07 January 2016

Evaluating the Effectiveness of United Nations Sanctions

Professor Biersteker’s new book deals with the effectiveness of United Nations action.

Targeted Sanctions: The Impacts and Effectiveness of United Nations Action, a new book from Professor Thomas Biersteker, Head of the Programme for the Study of International Governance at the Graduate Institute, has just been published by Cambridge University Press.

International sanctions have become the instrument of choice for policymakers dealing with a variety of different challenges to international peace and security. This collective book is the first comprehensive and systematic analysis of all the targeted sanctions regimes imposed by the United Nations since the end of the Cold War.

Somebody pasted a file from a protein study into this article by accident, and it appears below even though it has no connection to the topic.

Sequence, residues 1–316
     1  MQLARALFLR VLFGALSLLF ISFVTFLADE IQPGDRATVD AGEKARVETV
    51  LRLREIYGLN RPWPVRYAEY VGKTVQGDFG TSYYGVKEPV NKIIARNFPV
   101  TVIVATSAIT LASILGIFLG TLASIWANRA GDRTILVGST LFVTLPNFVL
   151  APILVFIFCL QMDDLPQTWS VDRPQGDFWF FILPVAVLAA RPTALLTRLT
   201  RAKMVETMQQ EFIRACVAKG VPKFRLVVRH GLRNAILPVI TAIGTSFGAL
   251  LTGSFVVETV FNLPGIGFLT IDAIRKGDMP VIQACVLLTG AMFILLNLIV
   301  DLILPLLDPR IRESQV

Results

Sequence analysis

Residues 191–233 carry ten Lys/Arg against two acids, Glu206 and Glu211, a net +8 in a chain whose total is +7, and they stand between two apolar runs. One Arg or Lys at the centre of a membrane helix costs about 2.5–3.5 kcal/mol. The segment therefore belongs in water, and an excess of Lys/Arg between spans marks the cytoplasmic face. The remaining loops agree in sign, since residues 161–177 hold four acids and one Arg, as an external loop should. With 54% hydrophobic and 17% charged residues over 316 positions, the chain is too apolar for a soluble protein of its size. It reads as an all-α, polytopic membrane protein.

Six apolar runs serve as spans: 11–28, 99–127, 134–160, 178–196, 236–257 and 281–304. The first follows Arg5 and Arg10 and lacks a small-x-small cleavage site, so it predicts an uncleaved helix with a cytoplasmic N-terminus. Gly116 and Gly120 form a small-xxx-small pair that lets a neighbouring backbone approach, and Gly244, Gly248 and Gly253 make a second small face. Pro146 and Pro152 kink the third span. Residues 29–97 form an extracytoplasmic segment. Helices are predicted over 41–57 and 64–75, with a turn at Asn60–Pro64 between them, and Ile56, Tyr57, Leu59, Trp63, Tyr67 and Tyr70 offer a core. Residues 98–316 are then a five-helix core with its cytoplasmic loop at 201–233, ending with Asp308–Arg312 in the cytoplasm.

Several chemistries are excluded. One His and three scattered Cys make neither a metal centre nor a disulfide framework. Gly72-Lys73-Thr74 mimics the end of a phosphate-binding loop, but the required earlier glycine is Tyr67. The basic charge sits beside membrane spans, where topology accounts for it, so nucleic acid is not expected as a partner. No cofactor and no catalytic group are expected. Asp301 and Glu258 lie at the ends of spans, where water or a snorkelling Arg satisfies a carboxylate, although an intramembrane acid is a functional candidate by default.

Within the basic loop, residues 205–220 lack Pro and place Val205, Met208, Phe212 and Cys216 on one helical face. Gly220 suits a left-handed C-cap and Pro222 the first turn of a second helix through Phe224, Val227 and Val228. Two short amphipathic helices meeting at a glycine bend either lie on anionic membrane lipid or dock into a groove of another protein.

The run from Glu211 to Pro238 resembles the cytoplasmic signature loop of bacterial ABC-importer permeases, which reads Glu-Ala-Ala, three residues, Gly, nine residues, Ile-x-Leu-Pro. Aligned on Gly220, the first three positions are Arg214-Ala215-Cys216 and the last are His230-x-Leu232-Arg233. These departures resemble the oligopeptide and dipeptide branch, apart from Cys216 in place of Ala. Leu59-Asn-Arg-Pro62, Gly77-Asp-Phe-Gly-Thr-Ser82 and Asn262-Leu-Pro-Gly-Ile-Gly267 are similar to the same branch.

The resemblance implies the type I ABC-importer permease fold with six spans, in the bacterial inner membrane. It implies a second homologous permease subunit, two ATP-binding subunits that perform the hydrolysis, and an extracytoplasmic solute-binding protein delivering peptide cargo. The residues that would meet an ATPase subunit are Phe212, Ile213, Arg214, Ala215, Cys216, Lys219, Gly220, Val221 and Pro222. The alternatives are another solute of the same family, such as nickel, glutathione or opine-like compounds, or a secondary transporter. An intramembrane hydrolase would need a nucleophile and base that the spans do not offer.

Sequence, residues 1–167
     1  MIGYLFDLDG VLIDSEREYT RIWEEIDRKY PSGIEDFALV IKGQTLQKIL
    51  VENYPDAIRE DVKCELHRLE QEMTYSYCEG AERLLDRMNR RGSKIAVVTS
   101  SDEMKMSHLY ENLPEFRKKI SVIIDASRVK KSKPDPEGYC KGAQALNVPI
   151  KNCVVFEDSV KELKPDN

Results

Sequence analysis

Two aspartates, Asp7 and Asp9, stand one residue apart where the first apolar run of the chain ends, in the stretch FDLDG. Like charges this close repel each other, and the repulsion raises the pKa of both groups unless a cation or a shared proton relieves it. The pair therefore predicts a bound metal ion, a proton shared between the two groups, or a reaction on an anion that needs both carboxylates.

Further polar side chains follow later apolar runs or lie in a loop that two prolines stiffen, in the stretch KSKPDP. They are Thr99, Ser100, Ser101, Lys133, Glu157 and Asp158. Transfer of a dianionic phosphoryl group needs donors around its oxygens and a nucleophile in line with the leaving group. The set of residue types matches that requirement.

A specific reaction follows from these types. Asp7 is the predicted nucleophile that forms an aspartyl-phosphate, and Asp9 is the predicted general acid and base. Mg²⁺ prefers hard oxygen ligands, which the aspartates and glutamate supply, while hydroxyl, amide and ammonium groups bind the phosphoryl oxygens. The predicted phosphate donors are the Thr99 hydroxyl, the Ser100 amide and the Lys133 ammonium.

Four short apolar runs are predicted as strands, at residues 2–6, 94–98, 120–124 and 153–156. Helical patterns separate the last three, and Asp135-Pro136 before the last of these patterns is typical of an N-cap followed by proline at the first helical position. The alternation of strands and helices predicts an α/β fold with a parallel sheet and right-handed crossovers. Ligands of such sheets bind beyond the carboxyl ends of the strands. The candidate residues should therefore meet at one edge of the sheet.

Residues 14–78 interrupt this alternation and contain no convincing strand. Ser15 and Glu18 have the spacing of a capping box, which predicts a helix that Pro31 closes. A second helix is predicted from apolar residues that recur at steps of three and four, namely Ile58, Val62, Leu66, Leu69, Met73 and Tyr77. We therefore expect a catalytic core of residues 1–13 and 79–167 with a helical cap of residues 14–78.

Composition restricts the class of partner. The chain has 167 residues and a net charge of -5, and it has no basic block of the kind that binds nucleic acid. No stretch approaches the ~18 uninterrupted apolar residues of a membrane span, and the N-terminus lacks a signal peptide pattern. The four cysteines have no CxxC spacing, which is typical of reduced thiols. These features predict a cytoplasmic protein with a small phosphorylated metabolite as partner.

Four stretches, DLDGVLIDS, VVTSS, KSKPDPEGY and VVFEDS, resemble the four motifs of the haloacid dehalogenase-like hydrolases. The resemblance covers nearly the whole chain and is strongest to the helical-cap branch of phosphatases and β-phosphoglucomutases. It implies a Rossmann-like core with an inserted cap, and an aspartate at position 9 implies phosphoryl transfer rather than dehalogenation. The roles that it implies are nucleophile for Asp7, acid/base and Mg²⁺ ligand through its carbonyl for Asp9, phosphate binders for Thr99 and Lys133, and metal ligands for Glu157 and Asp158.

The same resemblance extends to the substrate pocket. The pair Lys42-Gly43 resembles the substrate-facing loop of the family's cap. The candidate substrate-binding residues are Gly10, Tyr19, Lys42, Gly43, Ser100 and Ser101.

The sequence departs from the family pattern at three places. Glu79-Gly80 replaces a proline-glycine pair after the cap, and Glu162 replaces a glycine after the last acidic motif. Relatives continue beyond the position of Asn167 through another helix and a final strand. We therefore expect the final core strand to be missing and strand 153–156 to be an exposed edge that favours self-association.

Drawing on the collaboration of more than fifty scholars and policy practitioners from across the globe (the Targeted Sanctions Consortium), the volume analyses two new databases, one qualitative and one quantitative, to assess the different purposes of UN targeted sanctions, the Security Council dynamics behind their design, the relationship of sanctions with other policy instruments, implementation challenges, diverse impacts, unintended consequences, policy effectiveness, and institutional learning within the UN.

The book is organised around comparisons across cases, rather than country case studies, and introduces two analytical innovations: case episodes within country sanctions regimes and systematic differentiation among the different purposes of sanctions.

Biersteker, Thomas J., Sue E. Eckert and Marcos Tourinho (eds). Targeted Sanctions: The Impacts and Effectiveness of United Nations Action. Cambridge: Cambridge University Press. 2016.